"We had some plans today and tomorrow, going door to door. It's still going on, but not with the intensity we had, because people want to make sure their loved ones are OK," said Emerson, who has a niece in Hampton, Va.
Some weary swing state voters didn't think the political lull would mean much. "I'm sure the TV commercials aren't going to stop," said Mike Beauregard, a Republican-leaning Independent who owns a cooking utensil shop in Concord, NH.
Others were fixated on images of the storm but still saw the devastation through the prism of the election. In western Wisconsin, at the bustling student union at the University of Wisconsin in River Falls, a television tuned to cable news showed ominous images of the storm. History major Mike Engelhardt, 21, said Obama had the most on the line.
"If he bungles the beginning of the cleanup, that will move a lot of votes to Romney," Engelhardt predicted.
One place the storm may have an impact is North Carolina, where Democrats are hoping new voters who cast their ballots early will overcome the GOP's traditional Election Day advantage at the polls. Rain from the storm shuttered some early voting locations Sunday, and election officials were concerned that heavy snow in the western mountains could make it even harder to get to polling places early.
"The weather could chill participation," state election executive director Gary Bartlett said.
Democrats are counting on running up an edge in early votes in other swing states as well — ones that lie outside the storm's path but were still on the minds of Romney supporters in sunny Davenport, Iowa, where the Republican candidate made a final Monday afternoon appearance.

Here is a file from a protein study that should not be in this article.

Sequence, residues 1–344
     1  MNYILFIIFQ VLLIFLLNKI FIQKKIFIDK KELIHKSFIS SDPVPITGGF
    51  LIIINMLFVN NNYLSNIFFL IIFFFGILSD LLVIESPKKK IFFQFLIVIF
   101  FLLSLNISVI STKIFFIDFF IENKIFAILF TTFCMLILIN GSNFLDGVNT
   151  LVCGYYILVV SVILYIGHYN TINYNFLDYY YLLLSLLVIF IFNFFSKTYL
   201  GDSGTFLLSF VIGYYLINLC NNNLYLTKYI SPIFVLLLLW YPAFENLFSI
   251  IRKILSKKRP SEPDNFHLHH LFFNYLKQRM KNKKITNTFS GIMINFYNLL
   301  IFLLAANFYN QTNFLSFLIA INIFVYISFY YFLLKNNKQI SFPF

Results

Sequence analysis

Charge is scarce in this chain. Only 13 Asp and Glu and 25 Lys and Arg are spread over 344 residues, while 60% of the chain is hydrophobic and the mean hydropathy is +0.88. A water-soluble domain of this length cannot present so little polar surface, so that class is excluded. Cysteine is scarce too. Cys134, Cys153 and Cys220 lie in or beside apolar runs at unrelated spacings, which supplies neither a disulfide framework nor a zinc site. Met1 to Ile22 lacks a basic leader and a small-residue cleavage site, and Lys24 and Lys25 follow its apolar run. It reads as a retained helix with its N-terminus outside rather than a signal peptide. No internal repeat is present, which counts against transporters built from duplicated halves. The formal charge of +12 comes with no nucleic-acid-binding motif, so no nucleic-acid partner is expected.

Tim Vath of Dubuque said he didn't think the storm would fundamentally disrupt the election. But he did worry that any bad weather now might increase the magnitude of any early-voting advantage Democrats might have.
"Perhaps it could freeze that advantage in place. I doubt it would determine the outcome in those states," said Vath. "At least, I hope not."
As Sandy rumbled past the tiny Chesapeake Bay hamlet of North, Va., William Sullivan, 76, swung by the town's main building, which holds the post office, bait shop and convenience store. Sullivan trashed two-thirds the mail stuffing his post office box, mainly glossy political brochures from both sides.
"Makes me sick to my stomach thinking of the millions of dollars these characters have spent to get elected," Sullivan said before heading back out into the rain. He doubted the dramatics surrounding the storm would change the minds of his rural neighbors. "People have their minds made up," he said.
In downtown Denver, it was sunny and in the 60s as Jeremy LeVal, a Romney supporter, waited at a bus stop. He confessed he has paid limited attention to both the campaign and the storm. He knew the hurricane was bearing down on the Northeast and hoped there was no major damage, but doubted the brief suspension of the presidential contest would matter.
"If people haven't decided at this point," LeVal said, "it probably won't make a difference."
Associated Press writers Bob Bakst in River Falls, Wis., Tom Beaumont in Davenport, Iowa, Norma Love in Concord, N.H., Stephen Ohlemacher in Washington, Todd Richmond in Waunakee, Wis., and Bob Lewis in North, Va., contributed to this report.
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